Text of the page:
string- Encoding used for the transaction data. Either "base58" (slow), or "base64". (default: "base58").
usize- Maximum number of times for the RPC node to retry sending the transaction to the leader. If this parameter is not provided, the RPC node will retry the transaction until it is finalized or until the blockhash expires.
string- First transaction signature embedded in the transaction, as base-58 encoded string. This transaction id can be used with getSignatureStatuses to poll for status updates.
In order to develop their own rebroadcasting logic, developers should take
maxRetries parameter. If provided,
maxRetries will override an RPC node’s default retry logic, allowing
developers to manually control the retry process
within reasonable bounds.
A common pattern for manually retrying transactions involves temporarily storing
lastValidBlockHeight that comes from
Once stashed, an application can then
poll the cluster’s blockheight
and manually retry the transaction at an appropriate interval. In times of
network congestion, it’s advantageous to set
maxRetries to 0 and manually
rebroadcast via a custom algorithm. While some applications may employ an
algorithm, others such as Mango opt to
transactions at a constant interval until some timeout has occurred.
When polling via
getLatestBlockhash, applications should specify their
level. By setting its commitment to
confirmed (voted on) or
confirmed), an application can avoid polling a blockhash from a
If an application has access to RPC nodes behind a load balancer, it can also
choose to divide its workload amongst specific nodes. RPC nodes that serve
data-intensive requests such as
may be prone to falling behind and can be ill-suited for also forwarding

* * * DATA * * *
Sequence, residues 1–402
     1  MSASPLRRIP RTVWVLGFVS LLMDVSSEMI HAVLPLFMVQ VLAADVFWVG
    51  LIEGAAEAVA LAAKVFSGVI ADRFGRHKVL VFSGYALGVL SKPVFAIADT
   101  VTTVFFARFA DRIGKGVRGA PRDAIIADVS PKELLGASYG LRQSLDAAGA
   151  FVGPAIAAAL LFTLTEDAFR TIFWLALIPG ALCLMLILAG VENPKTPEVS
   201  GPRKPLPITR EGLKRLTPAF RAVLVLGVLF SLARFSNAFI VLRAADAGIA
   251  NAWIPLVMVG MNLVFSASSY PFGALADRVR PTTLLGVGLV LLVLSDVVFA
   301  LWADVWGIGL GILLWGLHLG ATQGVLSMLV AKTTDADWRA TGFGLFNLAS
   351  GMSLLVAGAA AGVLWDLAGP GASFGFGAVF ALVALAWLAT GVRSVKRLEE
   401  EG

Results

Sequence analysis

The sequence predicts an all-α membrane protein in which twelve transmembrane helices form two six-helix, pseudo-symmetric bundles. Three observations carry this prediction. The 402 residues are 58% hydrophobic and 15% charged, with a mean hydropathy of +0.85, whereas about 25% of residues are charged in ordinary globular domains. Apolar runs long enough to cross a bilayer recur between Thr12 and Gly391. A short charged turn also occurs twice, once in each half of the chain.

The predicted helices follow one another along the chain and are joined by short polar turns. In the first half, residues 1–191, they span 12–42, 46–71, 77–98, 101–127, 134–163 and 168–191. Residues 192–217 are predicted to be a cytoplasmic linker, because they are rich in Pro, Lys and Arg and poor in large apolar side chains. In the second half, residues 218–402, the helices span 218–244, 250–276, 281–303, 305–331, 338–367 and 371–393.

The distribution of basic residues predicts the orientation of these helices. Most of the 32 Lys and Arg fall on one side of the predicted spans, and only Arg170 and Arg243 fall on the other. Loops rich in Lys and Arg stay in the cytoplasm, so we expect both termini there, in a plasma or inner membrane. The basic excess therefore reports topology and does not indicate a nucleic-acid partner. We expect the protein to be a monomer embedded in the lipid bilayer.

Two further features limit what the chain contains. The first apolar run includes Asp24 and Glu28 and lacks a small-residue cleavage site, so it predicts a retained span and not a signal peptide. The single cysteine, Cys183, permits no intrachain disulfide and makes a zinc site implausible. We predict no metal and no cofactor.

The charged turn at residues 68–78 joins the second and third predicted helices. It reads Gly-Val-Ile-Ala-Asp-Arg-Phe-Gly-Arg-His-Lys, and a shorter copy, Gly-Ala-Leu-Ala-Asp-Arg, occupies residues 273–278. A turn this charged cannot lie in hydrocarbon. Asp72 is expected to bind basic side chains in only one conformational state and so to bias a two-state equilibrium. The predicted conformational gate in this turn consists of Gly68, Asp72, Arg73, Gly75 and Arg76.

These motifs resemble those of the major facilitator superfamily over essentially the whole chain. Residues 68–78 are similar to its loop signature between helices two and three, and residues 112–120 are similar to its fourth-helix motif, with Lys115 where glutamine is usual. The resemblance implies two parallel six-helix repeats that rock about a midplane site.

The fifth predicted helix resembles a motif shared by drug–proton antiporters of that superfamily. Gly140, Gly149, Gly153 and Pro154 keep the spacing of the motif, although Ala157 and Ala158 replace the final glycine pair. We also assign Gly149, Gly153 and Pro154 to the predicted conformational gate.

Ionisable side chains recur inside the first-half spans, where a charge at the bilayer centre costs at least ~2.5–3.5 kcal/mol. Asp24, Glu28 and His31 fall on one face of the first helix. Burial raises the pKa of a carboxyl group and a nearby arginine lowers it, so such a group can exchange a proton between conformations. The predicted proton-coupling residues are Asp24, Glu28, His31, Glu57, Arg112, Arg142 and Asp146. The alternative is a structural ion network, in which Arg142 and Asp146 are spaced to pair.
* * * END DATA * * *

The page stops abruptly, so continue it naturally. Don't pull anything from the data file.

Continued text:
transactions. For applications that handle time-sensitive transactions, it may
be prudent to have dedicated nodes that only handle
sendTransaction will perform three preflight checks prior to
submitting a transaction. Specifically,
- Verify that all signatures are valid
- Check that the referenced blockhash is within the last 150 blocks
- Simulate the transaction against the bank slot specified by the
In the event that any of these three preflight checks fail,
will raise an error prior to submitting the transaction. Preflight checks can
often be the difference between losing a transaction and allowing a client to
gracefully handle an error. To ensure that these common errors are accounted
for, it is recommended that developers keep
skipPreflight set to
Despite all attempts to rebroadcast, there may be times in which a client is required to re-sign a transaction. Before re-signing any transaction, it is very important to ensure that the initial transaction’s blockhash has expired. If the initial blockhash is still valid, it is possible for both transactions to be accepted by the network. To an end-user, this would appear as if they unintentionally sent the same transaction twice.
In Solana, a dropped transaction can be safely discarded once the blockhash it
references is older than the
lastValidBlockHeight received from
getLatestBlockhash. Developers should keep track of this
lastValidBlockHeight by querying
and comparing with
blockHeight in the response. Once a blockhash is
invalidated, clients may re-sign with a newly-queried blockhash.